Peter Sagan second youngest rider to win a stage in Tour de France
Slovakian 22-year-old becomes second youngest rider to win a stage on the race after Lance Armstrong; Cancellara clings on to yellow jersey
Fabian Cancellara of Switzerland held on to the Tour de France yellow jersey Sunday after being pipped at the finish line of the first stage by streetwise Slovakian Peter Sagan.
RadioShack rider Cancellara took the race leader’s jersey thanks to a commanding opening day win on Saturday when he repeated his Liege feat of 2004 to claim the fourth prologue win of his career.
But despite leaving a gaping hole when he pulled away from the peloton with 1.5km remaining on the 2.4 km-long uphill finish, the Swiss was upstaged by the Liquigas team’s Slovakian champion.
Sagan, a sprinter known for his climbing abilities, soon attached himself to Cancellara’s back wheel and for the remaining 1200 metres refused to collaborate by taking a relay at the front to allow the Swiss a breather.
Norwegian Edvald Boasson Hagen of Team Sky, meanwhile, caught up with the pair to create a three-man sprint at the finish. But after Cancellara launched his sprint inside the final 300 metres, Sagan simply came out from his slipstream and pulled in front to claim his maiden win on the race and continue his impressive season so far.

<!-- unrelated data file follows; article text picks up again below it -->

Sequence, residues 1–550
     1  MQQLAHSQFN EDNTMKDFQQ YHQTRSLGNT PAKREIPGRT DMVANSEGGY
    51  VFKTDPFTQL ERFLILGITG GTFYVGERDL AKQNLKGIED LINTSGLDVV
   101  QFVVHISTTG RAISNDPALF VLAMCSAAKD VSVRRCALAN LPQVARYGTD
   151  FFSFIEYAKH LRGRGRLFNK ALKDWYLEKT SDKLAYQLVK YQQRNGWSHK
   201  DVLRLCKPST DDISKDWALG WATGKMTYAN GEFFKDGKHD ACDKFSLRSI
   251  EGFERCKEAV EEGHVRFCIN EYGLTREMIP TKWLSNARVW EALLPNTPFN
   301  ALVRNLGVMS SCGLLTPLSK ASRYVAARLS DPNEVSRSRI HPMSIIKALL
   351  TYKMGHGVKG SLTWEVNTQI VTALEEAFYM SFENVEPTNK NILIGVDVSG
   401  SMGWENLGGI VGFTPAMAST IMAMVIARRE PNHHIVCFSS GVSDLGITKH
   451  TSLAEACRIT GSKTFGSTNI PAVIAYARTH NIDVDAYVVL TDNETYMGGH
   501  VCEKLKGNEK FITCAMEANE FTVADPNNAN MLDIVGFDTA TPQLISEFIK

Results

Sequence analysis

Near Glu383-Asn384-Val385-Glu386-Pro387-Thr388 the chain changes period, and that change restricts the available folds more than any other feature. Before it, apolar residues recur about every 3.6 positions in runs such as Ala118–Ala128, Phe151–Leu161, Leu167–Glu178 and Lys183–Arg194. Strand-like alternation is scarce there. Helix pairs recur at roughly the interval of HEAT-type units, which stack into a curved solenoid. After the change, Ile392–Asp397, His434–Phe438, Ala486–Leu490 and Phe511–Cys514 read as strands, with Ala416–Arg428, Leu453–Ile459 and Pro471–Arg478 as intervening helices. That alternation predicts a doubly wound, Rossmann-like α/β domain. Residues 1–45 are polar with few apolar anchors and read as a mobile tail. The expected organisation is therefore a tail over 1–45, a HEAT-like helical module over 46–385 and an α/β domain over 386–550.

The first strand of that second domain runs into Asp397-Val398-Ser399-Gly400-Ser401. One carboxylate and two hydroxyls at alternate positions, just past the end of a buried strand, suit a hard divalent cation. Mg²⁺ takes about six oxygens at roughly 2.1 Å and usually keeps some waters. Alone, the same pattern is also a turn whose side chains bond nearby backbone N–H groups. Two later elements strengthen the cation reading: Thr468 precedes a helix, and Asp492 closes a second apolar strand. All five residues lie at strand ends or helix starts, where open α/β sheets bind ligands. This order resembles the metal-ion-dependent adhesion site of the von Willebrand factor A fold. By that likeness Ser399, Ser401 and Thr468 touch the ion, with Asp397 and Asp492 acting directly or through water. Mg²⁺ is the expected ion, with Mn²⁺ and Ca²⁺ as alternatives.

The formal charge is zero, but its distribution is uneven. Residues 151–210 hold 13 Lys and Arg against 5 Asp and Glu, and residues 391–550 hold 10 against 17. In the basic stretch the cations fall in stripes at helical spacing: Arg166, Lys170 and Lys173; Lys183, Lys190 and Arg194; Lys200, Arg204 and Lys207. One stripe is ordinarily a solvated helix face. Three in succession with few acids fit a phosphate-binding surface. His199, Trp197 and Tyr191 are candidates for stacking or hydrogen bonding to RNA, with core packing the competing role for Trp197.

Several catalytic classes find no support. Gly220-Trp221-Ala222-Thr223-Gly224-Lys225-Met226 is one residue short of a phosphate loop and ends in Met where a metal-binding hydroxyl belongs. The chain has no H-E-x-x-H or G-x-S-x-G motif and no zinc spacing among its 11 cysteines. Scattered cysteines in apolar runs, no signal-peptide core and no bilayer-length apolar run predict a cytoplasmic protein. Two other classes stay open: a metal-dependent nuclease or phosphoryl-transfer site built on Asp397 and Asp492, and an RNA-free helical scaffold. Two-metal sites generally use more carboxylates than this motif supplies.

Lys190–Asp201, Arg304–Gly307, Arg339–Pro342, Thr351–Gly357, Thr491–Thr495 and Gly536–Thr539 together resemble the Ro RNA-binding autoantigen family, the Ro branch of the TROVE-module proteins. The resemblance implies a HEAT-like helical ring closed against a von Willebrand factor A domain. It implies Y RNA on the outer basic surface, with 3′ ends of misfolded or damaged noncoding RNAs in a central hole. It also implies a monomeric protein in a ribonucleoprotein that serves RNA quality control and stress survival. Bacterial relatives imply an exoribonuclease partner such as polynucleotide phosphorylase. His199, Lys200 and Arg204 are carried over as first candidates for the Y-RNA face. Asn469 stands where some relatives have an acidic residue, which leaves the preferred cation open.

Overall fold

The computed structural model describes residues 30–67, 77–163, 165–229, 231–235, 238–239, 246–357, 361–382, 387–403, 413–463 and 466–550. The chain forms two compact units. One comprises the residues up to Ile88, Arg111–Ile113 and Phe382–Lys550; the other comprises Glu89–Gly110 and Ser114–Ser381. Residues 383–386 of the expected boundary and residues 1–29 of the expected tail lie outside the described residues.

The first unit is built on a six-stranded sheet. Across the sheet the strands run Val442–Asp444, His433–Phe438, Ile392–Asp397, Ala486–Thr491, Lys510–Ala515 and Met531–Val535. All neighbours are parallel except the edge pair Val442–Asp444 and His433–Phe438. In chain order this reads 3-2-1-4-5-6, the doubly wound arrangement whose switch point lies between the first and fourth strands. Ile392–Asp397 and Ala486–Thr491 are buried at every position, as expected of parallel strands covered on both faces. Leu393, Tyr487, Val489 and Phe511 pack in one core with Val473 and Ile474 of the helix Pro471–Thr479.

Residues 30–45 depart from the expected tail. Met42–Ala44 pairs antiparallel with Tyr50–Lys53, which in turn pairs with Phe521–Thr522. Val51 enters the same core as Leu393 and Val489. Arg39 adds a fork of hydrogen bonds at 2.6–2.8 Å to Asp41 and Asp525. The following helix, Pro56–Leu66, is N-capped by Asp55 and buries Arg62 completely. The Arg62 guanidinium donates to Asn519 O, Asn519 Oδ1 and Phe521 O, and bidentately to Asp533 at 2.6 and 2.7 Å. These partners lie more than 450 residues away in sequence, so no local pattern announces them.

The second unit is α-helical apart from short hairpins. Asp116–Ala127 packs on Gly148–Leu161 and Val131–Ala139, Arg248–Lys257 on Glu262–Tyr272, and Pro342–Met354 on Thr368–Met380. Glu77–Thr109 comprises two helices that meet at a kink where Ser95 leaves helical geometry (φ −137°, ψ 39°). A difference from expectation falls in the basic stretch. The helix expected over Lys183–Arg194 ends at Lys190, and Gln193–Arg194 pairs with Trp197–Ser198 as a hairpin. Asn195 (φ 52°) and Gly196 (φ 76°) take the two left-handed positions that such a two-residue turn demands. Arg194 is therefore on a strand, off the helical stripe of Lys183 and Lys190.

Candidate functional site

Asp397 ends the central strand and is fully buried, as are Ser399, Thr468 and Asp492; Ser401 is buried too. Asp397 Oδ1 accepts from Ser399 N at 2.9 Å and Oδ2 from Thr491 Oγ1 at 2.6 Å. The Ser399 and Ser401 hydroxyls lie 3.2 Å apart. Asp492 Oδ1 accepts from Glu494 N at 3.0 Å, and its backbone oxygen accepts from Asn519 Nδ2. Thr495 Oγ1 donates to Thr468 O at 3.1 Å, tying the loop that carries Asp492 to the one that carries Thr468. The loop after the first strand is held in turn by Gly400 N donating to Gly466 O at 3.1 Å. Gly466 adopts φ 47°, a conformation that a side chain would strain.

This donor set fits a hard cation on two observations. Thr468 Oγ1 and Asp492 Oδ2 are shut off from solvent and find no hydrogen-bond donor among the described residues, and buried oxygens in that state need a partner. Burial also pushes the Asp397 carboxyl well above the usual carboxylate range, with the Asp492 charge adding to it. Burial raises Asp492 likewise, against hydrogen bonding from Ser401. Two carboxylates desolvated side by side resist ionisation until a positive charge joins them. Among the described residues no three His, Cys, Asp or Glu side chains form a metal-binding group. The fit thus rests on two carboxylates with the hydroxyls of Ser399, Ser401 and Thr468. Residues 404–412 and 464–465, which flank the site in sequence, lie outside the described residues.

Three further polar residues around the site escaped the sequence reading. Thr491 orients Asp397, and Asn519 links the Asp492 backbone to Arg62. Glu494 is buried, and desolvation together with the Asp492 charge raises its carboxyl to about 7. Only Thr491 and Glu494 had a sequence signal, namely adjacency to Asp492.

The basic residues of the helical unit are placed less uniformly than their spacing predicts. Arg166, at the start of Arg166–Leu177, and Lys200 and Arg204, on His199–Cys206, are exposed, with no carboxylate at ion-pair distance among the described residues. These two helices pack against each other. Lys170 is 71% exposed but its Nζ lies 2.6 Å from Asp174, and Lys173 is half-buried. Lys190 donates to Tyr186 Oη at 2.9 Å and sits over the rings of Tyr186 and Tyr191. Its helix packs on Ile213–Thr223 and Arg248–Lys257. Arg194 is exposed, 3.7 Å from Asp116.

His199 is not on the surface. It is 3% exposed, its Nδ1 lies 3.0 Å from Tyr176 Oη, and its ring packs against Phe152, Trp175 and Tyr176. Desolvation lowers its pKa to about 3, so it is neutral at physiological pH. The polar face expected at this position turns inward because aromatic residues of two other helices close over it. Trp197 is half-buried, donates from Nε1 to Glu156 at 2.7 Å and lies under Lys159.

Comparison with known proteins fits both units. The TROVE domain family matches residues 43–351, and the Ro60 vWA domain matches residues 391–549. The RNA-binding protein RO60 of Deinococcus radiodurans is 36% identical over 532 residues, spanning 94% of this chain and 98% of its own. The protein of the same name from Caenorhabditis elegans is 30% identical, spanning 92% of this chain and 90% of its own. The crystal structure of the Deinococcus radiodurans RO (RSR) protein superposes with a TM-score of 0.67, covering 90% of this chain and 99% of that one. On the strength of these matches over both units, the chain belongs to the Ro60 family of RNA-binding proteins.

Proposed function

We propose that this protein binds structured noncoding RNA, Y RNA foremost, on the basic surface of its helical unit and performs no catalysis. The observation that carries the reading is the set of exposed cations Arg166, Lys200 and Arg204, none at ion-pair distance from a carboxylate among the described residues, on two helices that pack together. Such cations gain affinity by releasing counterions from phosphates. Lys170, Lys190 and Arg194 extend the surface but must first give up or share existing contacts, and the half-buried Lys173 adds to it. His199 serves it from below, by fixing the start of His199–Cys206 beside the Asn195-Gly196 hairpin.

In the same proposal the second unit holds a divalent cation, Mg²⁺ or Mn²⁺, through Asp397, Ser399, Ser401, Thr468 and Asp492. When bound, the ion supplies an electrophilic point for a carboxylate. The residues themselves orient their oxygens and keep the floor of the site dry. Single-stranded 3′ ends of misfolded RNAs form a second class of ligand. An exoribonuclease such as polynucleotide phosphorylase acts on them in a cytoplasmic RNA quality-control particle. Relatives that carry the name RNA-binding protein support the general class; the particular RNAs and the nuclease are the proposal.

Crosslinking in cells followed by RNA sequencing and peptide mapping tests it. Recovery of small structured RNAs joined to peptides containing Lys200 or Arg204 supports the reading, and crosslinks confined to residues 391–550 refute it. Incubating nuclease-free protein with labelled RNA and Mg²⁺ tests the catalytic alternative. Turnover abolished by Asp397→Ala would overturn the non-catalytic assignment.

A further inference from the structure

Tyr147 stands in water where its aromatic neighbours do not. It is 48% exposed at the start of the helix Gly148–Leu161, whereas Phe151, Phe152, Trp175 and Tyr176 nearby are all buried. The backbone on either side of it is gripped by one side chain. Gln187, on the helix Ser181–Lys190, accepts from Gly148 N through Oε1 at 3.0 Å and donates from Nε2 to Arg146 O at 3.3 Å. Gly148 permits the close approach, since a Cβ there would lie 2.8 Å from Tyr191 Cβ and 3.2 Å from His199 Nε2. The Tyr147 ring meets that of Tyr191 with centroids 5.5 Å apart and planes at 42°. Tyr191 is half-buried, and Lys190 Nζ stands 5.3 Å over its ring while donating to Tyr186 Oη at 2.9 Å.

At 22 years old Sagan is the youngest rider on the race after Frenchman Thibaut Pinot of FDJ. Probably more significantly, he is the second youngest rider, after Lance Armstrong in 1993, to win a stage on the race.
Having claimed an impressive five stage wins at the Tour of California as well as four victories at the Tour of Switzerland, Sagan was only too happy to open his account on the Tour.
It was even more sweet as he missed out on contending victory on the prologue when he lost precious seconds after his foot came out of his cleat pedal.
“I’m very happy. My legs were feeling better today. I want to thank my teammates, they did a lot of good work in the last kilometres.
Cancellara leads overall race favourite Bradley Wiggins by 07secs in the general classification, with France’s Sylvain Chavanel third on the same time. Aussie defending champ Cadel Evans, of BMC, remains 17secs off the pace.